Compare Candide and Tartuffe

5528 Words Oct 13th, 2012 23 Pages
In Tartuffe, Moliere's use's plot to defend and oppose characters that symbolize and ridicule habitual behavior's that was imposed during the neo-classical time period. His work, known as a comedy of manners, consists of flat characters, with few and similar traits and that always restore some kind of peace in the end. He down plays society as a whole by creating a microseism, where everyone in the family has to be obedient, respectful, and mindful of the head of the home, which is played by the father Orgon. Mariane shows her obedience when she replies "To please you, sir, is what delights me best." (Moliere 324,11) Shortly afterwards, Orgon commands Mariane to take Tartuffe as her husband even though she is not interested in him at all. …show more content…
The Enlightenment period writers focused on reason, knowledge, and rationality as major themes. In this era the Catholic Church was still an extremely powerful institution operating throughout much of Europe; however reason was beginning to emerge as an alternative to faith and religion. As a result, Enlightenment writers began to look at the world critically and rationally. Much of the important literature of the period was satirical in nature, using humor, irony, and exaggeration to expose and criticize people's stupidity or vices, particularly in the context of contemporary politics and other significant issues. Two great Enlightenment writers, Moliere and Voltaire, use satirical approaches in their works that have various similarities and differences.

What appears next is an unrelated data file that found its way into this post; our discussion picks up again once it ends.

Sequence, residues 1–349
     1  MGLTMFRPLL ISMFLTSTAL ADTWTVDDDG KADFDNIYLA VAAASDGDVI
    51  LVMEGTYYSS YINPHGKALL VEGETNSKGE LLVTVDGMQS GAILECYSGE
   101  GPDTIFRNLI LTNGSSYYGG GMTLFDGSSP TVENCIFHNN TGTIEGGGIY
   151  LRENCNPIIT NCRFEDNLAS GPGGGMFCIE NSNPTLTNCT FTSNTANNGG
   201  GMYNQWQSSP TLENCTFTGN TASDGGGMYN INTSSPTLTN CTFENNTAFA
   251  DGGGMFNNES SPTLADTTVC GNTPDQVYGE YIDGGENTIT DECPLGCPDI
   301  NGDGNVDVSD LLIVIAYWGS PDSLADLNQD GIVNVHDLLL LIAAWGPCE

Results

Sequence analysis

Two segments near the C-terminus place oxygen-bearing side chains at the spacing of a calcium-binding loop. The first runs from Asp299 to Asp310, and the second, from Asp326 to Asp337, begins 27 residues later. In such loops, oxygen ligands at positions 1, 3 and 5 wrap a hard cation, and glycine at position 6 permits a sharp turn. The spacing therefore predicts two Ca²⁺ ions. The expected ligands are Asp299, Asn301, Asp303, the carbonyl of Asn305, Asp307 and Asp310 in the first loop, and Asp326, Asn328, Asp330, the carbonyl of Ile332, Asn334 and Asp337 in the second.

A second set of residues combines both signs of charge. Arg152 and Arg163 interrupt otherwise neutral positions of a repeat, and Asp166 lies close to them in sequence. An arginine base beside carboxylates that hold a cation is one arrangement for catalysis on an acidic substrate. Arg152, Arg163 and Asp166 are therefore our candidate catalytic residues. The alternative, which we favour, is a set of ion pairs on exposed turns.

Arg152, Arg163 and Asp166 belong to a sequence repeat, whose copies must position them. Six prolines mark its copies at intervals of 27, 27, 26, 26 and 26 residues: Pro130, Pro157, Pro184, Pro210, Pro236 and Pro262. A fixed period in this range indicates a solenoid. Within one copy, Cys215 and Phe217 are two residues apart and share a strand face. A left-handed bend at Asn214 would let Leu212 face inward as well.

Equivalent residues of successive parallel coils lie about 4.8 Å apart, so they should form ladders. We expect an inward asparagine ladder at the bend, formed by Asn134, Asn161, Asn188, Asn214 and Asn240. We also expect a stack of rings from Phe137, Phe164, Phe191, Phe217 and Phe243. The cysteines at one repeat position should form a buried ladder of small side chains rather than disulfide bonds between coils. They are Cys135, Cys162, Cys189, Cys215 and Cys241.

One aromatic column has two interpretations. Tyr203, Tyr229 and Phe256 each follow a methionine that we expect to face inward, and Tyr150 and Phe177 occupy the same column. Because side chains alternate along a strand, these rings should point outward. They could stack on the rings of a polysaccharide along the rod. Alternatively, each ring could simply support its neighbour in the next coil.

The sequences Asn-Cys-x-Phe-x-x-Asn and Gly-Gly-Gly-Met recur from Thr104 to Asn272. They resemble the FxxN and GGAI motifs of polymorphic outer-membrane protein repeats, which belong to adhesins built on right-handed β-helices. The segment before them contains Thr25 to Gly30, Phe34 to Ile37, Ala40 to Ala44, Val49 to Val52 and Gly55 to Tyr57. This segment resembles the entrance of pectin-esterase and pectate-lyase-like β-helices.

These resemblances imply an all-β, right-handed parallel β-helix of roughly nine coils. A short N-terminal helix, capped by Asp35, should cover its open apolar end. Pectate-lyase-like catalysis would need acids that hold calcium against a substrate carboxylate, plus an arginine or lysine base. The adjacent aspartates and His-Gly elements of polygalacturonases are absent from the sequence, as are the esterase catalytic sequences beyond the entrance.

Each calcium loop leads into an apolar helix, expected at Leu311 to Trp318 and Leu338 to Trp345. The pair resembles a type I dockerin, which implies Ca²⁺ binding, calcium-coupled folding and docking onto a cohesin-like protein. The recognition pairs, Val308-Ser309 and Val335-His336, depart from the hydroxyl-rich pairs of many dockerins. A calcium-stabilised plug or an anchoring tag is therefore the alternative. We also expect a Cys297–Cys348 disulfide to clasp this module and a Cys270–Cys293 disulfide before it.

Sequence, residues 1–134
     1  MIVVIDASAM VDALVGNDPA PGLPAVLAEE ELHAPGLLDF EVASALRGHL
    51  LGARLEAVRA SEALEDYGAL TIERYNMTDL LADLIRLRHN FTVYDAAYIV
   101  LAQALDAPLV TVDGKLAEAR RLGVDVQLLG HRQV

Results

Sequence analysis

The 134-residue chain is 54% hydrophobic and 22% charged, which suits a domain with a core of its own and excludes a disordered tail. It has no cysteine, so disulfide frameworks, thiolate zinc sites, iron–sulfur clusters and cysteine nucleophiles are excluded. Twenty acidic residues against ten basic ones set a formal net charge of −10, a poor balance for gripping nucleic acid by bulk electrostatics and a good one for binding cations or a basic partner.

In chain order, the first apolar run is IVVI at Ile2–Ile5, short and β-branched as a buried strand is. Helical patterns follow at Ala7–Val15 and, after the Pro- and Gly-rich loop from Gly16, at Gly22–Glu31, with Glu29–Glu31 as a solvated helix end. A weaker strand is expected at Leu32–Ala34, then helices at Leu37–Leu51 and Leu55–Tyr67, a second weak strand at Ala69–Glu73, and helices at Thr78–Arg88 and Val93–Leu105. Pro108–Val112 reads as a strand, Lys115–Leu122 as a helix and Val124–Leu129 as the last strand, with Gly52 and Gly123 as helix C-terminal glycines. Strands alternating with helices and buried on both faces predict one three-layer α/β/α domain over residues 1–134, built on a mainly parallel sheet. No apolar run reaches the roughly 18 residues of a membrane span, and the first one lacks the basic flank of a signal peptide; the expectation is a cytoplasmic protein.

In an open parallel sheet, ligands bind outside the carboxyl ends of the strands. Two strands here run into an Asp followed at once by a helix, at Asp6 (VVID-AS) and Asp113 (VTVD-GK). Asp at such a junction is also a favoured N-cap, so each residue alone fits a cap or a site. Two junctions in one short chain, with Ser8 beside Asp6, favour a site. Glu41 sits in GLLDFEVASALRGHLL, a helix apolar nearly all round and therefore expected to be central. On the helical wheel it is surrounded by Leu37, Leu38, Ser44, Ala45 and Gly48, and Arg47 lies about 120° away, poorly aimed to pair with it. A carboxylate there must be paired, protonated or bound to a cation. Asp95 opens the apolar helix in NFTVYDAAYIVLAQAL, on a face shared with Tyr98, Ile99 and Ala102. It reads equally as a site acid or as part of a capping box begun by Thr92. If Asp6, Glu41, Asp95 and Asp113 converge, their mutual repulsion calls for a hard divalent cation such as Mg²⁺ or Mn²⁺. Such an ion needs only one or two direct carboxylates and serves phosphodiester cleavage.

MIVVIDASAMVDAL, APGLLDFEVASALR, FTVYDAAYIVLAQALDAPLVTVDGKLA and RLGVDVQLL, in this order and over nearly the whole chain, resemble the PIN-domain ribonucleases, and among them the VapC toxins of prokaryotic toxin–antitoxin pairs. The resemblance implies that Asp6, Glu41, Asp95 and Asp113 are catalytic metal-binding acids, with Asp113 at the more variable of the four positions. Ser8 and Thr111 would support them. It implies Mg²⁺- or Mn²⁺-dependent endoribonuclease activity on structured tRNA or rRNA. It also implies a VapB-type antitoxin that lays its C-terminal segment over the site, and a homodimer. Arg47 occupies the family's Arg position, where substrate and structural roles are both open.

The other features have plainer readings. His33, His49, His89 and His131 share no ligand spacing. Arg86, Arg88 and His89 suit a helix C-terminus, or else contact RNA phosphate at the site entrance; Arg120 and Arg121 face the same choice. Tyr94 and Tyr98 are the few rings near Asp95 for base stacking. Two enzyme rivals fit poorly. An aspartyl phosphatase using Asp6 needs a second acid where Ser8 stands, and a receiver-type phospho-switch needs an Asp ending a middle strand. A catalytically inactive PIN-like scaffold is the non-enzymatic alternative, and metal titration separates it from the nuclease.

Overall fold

The similarities between Moliere's Tartuffe and Voltaire's Candide are primarily rooted in common Enlightenment themes. For example, in both stories the writers focus on questioning and criticizing the nature of hierarchies in our society, particularly the members of the aristocratic or upper classes rather than "common" people. In Tartuffe, Orgon and his family are members of the aristocracy. Orgon owns his estate and clearly has enough money to provide for his entire family in addition to Tartuffe and his friend. Similarly, Voltaire's story focuses on Candide, who may be missing a fraction of his aristocratic family tree, but is still considered upper class. As the story progresses, the